Time Warner Cable Inc (TWC.N) is nearing an agreement to be acquired by smaller peer Charter Communications Inc (CHTR.O) for about $55 billion, combining the second and third largest U.S. cable operators, people familiar with the matter said on Monday.
The cash and stock deal values Time Warner Cable at $195 per share, according to the sources, and comes just one month after Comcast Corp (CMCSA.O) dropped its $45.2 billion merger agreement with Time Warner Cable, clinched in February 2014, over antitrust concerns.
Time Warner Cable shares closed Friday at $171.18.
The new deal, and the friendly negotiations that preceded it, are in sharp contrast to the acrimonious exchanges in 2013 and early 2014 that ended with Time Warner Cable's rejecting unsolicited approaches by Charter and instead finding a white knight in Comcast.
The agreement represents a victory for media mogul John Malone, whose Liberty Broadband Corp (LBRDA.O) is Charter's largest shareholder. Liberty is supporting the deal by acquiring $5 billion in new Charter stock, one of the people said.
Time Warner Cable shareholders will have an option on the amount of the $195 per share acquisition price to be paid in cash: able to take either $100 or $115 in cash, and the balance in Charter stock, one of the people said.
The deal is expected to be announced on Tuesday. Charter will also acquire Bright House Networks, the sixth-largest U.S. cable operator, for $10.4 billion, the people added. Charter and Bright House had extended their merger talks after Comcast's deal with Time Warner Cable fell through. Charter's previous agreement with Bright House was contingent on Comcast's completion of the buyout of Time Warner Cable.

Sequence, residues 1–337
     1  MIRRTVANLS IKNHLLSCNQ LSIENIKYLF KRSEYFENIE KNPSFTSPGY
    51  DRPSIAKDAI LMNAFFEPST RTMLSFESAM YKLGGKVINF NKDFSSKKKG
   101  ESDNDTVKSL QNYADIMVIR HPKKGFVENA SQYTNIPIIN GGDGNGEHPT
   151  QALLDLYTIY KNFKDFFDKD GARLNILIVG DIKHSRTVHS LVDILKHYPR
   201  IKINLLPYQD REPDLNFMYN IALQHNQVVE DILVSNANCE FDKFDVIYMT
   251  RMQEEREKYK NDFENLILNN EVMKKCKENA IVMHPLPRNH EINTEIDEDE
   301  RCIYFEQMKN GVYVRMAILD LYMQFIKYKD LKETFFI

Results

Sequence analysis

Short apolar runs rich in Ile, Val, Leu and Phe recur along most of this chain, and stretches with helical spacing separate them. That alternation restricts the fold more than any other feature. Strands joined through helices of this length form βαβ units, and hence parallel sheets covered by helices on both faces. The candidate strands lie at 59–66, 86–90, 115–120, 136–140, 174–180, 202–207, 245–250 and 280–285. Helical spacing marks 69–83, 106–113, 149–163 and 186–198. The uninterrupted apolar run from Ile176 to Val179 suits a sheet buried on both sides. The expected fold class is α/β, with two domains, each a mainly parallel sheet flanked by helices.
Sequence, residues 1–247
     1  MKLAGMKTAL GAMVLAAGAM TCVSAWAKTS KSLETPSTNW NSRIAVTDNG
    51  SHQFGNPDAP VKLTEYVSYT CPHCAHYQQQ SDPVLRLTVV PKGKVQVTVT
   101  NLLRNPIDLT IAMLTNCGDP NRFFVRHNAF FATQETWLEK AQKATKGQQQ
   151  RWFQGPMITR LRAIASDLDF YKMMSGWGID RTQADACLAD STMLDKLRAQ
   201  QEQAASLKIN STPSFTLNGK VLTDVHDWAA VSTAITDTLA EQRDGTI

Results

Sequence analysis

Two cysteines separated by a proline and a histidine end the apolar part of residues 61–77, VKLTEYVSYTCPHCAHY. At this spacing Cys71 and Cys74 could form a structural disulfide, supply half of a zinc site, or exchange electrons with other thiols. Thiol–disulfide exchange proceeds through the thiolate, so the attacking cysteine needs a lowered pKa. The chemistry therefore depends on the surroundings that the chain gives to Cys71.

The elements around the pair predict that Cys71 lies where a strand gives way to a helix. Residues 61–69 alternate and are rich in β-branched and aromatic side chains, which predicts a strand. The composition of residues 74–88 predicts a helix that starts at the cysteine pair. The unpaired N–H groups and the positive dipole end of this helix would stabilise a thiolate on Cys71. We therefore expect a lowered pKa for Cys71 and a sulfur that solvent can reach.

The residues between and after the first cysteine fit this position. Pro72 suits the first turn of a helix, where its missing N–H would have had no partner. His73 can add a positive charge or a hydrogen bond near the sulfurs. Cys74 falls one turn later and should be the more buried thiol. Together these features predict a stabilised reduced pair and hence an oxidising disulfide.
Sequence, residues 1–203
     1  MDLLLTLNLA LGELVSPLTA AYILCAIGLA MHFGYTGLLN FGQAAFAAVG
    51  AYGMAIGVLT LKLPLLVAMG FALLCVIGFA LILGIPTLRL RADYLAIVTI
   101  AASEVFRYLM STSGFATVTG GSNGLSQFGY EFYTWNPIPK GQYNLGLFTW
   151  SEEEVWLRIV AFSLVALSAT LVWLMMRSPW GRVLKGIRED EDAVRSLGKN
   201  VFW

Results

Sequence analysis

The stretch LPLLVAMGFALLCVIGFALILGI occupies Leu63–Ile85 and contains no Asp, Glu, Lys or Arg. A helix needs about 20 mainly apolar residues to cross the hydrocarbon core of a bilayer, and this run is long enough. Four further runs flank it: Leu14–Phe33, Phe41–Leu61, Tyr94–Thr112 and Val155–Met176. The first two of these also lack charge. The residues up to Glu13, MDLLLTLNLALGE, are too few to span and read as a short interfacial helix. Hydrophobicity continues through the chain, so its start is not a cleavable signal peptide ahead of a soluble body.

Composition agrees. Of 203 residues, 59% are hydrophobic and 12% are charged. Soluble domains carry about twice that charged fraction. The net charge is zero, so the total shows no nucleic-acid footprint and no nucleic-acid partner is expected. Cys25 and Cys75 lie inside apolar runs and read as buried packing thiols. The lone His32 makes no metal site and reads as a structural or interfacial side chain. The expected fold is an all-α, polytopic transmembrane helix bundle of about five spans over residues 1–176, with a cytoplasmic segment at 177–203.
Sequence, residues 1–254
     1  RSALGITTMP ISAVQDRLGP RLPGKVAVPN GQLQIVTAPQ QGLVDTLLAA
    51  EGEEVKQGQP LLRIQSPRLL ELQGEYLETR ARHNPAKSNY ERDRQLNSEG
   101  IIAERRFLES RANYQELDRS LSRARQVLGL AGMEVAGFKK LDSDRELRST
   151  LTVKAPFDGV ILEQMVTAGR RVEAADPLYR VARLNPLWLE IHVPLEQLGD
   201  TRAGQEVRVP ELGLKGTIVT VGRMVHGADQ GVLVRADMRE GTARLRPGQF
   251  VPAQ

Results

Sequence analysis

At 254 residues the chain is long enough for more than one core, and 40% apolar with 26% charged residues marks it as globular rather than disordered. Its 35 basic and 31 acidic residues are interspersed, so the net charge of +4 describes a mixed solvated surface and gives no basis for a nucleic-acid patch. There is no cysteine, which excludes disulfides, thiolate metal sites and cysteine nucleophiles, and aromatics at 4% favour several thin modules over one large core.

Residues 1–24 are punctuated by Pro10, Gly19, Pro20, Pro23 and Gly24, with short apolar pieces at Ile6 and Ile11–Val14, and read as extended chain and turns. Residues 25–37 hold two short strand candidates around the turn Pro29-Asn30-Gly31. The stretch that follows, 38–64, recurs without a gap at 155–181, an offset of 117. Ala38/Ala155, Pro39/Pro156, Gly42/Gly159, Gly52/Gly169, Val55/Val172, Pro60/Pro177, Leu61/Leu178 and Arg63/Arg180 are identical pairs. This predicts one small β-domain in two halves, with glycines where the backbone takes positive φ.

The sources asked not to be identified ahead of any official announcement. Time Warner Cable declined to comment, while Charter, Bright House and Altice did not immediately respond to requests for comment.
The combined companies could have as many as 23 million customers, just behind Comcast's 27.2 million customers. Charter Chief Executive Tom Rutledge is expected to be CEO of the combined entity.
Charter was competing for Time Warner Cable against French telecommunications group Altice SA (ATCE.AS), which last week agreed to buy U.S. regional cable company Suddenlink Communications for $9.1 billion from private equity investors, making its first move across the Atlantic.
Charter asked for deal negotiations with Time Warner Cable to be speeded up after Altice expressed its interest, one of the people said. Altice did not have enough time to address all of Time Warner Cable's concerns over a merger between the two of them, that person added.
Bloomberg first reported on the deal.
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